Sunday, October 09, 2005

The Killer Imoten (Deep-fried Sweet Potatoes)


Imoten (Batter-fried Sweet Potato) from the Sunday Market

Ask someone in Kochi city this question, “Do you like imoten sold at the Sunday market?” You’ll quite likely get, “Oh yeah! I love it!” type of response with a heartwarming smile on his/her face.

This everyone’s favorite, "imoten" is simple batter-fried sweet potatoes. “Imo” means potatoes and “ten” came from tempura. It’s the kind of food that is so simple and yet so good that you never get tired of. I can’t help craving for it once in a while. (Well, maybe twice a month.) Preparation is awfully easy -- all you have to do is to peel and chop up sweet potatoes, dip in batter and deep-fry. That’s it. But It’s also the kind of food that anyone can make at home but often ends up saying, “But I can’t do it like they do.”

Walking through the Sunday market, you can find a stall where they deep-fry imoten (and other kind of tempura, too) right in front of you and sell them hot. When locals in Kochi say “Sunday market imoten,” it means the ones sold at this stall.

I guess the secret of the great taste is the kind of sweet potatoes they use. Imoten from this stall is soooo sweet and ”hoku-hoku.” (How can I explain “hoku-hoku” in English? It’s not just “dry,” I suppose.) I also assume that they add something to the batter to make it slightly sweet and a bit chewy but not too heavy. Maybe sugar and possibly a bit of soy sauce as a hidden flavor?? I don’t know…

The lady at the stall told me that they have been selling imoten for about 30 years at the Sunday/Thursday market. Their imoten is widely known now, being included in many guidebooks and websites, and you often see customers standing in line in front of the stall.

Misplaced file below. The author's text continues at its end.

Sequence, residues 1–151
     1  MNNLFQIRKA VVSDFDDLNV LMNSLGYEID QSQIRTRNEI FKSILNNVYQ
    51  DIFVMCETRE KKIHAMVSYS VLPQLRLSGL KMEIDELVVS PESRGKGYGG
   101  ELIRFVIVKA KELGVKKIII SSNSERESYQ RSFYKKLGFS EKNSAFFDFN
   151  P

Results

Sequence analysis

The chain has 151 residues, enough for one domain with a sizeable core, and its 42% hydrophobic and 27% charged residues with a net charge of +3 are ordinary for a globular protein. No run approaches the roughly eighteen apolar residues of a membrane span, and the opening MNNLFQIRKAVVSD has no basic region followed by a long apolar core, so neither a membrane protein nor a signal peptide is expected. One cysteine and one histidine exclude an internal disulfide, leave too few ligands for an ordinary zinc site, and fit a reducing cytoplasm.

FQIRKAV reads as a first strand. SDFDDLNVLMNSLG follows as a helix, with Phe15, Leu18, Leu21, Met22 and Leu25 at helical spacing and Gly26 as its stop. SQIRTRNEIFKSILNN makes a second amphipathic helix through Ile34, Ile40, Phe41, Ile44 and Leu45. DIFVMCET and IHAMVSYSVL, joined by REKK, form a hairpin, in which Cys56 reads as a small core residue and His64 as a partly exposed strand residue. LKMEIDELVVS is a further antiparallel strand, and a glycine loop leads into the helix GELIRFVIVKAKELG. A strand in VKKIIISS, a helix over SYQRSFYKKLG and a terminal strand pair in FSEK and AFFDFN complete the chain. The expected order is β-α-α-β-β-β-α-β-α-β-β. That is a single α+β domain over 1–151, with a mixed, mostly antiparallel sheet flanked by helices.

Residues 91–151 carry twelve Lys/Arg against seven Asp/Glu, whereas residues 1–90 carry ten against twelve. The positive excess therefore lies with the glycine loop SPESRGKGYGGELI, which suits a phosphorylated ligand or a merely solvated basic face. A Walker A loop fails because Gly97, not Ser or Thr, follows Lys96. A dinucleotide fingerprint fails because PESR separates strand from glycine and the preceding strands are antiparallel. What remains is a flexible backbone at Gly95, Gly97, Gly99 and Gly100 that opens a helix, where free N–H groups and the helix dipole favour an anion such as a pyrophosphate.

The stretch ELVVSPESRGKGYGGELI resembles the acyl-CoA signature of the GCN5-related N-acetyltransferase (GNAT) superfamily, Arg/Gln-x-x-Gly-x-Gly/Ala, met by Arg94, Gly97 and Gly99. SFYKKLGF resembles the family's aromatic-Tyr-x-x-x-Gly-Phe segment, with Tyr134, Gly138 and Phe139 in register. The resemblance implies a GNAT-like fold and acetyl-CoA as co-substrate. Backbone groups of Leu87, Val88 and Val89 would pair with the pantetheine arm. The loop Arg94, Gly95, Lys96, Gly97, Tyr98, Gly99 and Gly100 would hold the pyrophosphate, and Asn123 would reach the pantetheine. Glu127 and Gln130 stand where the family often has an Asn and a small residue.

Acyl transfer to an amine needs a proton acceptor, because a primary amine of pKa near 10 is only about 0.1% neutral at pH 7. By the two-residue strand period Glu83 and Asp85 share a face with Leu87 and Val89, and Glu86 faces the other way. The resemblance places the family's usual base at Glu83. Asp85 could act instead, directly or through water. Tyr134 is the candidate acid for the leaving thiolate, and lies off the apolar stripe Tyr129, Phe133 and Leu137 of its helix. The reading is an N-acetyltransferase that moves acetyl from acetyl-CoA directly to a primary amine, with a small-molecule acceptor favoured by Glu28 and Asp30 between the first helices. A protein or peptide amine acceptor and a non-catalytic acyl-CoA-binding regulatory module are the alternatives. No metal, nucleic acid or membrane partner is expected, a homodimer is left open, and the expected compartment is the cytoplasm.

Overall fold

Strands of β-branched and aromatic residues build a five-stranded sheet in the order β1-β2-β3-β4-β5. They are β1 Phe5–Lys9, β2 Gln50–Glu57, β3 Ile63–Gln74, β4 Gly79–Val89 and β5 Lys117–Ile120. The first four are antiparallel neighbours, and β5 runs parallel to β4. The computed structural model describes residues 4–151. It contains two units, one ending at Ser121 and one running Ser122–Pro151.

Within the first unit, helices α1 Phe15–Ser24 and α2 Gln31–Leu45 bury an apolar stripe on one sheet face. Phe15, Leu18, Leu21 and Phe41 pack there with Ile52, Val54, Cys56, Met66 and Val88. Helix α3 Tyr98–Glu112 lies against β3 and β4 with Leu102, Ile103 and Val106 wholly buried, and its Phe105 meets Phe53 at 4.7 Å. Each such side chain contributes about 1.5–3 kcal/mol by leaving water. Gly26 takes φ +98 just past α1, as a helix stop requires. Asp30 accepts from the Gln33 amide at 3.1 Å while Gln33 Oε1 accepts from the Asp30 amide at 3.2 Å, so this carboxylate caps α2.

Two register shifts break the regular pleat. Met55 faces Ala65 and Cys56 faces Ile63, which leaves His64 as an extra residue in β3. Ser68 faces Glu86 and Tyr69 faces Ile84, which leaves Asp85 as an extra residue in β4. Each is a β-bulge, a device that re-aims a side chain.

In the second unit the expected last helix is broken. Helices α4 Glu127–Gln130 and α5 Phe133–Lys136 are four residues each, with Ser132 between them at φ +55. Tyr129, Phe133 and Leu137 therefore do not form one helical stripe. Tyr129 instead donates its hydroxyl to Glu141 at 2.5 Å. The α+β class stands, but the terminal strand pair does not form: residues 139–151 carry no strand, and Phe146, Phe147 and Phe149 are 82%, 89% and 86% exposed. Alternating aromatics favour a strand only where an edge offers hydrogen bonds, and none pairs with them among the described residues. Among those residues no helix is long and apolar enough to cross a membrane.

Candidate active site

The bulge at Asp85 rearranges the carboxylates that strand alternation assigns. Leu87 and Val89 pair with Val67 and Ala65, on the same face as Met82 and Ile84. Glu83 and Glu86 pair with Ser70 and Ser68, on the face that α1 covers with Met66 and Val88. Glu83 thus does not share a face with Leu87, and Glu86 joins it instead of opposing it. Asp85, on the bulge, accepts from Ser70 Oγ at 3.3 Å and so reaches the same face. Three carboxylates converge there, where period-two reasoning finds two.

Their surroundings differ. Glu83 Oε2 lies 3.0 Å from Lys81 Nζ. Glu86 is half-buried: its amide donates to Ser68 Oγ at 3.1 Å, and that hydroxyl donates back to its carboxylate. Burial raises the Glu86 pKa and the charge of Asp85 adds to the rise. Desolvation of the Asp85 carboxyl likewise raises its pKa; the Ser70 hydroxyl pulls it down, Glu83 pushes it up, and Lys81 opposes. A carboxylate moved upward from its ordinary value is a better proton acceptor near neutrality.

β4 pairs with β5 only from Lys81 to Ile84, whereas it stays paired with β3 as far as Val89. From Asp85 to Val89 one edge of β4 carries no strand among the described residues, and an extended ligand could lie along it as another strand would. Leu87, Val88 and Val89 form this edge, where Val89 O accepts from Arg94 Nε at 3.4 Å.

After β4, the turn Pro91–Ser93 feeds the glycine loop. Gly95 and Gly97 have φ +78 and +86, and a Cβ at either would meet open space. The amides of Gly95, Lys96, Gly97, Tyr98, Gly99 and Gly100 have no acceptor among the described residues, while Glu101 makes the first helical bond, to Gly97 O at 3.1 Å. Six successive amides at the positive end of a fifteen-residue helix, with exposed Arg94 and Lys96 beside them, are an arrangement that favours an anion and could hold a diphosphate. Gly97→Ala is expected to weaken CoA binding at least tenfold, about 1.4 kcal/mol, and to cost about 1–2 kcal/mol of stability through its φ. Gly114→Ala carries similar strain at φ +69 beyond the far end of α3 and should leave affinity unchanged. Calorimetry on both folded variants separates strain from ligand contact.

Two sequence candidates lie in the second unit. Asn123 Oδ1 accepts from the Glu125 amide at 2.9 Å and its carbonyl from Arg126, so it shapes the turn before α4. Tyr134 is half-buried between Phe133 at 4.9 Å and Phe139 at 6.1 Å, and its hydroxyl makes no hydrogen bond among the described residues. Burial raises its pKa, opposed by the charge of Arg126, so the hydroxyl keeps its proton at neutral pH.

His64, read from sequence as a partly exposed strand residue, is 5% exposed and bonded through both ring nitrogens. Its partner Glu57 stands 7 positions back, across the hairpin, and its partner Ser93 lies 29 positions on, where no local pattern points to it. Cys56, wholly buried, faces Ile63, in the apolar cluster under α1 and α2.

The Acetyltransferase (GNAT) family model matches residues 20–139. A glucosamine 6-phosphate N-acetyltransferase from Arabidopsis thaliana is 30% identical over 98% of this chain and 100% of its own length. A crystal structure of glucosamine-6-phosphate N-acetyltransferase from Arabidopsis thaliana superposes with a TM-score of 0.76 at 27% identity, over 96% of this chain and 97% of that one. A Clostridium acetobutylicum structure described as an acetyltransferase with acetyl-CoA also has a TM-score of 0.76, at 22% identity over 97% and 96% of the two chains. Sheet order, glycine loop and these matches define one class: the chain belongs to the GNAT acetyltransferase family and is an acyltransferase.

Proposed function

It's just something you don't want to miss.

8 comments:

KT121 said...

The killer imoten!Mmmm...

The batter of shop-bought imoten often tastes a little sweet,a bit like what they call "tempura" in southeast asia which I think is more like "fritter"??I've always wondered how they do it.

I'd like to know what "hoku-hoku" in English is!It's always difficult to explain...

carlyn said...

obachan;
This is a market every Sunday??? Thru the winter, too? You are just soooooo lucky....
mmmmmmm....imoten looks fabulous....

Robyn said...

That looks sooo good...*weeps*

obachan said...

KT121
I heard that some people add a little mayonnaise to tempura batter to make it crispy, but I don’t think that’d make it sweeter. Anyway, I’m glad to find another person who feels the same way about the Japanese word, “hoku-hoku.” I sometimes say “chestnut-like”to explain what "hoku-hoku" means, but I always feel that’s not exactly it…

carlyn
Yep. Every Sunday, through the winter, too. ;) Lucky ne!

Robyn
It is good. Wish you could come and take a bite.

glutton rabbit said...

Bachan!
Mmmm...imoten looks delicious. We have imoten too in Malaysia. They are usually sold at the fried banana stalls and eaten during tea time as a snack. Overhere, the Sweet potatoes are thinly sliced, dipped in batter and fried. The batter is on the crunchy side...

I know what you mean by hoku hoku. But I also have difficulty to find the right english word for it... tender maybe? or soft and moist?
al dente? LOL

obachan said...

Hmmm...sounds like the word hoku-hoku is used in a slightly different way over here. It's rather the opposite of "soft and moist."

Kiarill said...

Imoten!! So you have that in Japan too! In Singapore, it's sold the same way in Japan. Sometimes the batter is salty, sometimes sweet [depends on the stall].

I think the hoku-hoku you mean is something like chestnut, just that it's a bit drier? or maybe crispier.. >< english can be so inadequate sometimes.. T_T

Lucky Japanese! I hope I'll be able to experience wonderful Japan to the fullest when I go!

obachan said...

Hi Kiarill,
Thanks for your comment. I want to try your imoten someday (I'm really thinking about visiting Singapore someday).
Yeah, hoku-hoku, can be like chestnut, except that I think chestnut is a bit chewier than "hoku-hoku" sweet potatoes.
Anyway, hope you have a chance to visit Japan and have a good time. ;)